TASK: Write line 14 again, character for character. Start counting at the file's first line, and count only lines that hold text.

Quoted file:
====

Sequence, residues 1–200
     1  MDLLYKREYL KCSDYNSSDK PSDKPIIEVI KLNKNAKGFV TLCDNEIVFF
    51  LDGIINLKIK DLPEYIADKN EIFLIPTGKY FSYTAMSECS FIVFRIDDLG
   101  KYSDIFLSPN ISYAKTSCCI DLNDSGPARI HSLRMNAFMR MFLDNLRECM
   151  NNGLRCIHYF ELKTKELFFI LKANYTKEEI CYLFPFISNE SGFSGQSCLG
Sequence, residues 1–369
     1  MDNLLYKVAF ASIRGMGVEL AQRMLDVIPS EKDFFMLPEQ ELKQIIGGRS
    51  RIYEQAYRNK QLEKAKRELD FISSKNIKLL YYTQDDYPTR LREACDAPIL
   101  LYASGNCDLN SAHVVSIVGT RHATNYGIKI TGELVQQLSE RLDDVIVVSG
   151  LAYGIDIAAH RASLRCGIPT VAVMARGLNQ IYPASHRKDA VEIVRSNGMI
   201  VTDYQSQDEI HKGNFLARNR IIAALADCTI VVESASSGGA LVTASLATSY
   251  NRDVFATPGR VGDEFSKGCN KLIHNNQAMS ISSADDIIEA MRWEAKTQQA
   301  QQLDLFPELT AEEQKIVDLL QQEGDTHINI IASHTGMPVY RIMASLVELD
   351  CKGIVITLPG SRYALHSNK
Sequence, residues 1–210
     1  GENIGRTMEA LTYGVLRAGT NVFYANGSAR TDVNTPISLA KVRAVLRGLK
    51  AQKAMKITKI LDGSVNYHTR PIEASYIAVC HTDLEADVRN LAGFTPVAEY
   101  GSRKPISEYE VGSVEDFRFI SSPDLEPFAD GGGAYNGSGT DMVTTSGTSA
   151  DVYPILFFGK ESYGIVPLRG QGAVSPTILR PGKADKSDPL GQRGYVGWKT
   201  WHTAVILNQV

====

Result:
   351  CKGIVITLPG SRYALHSNK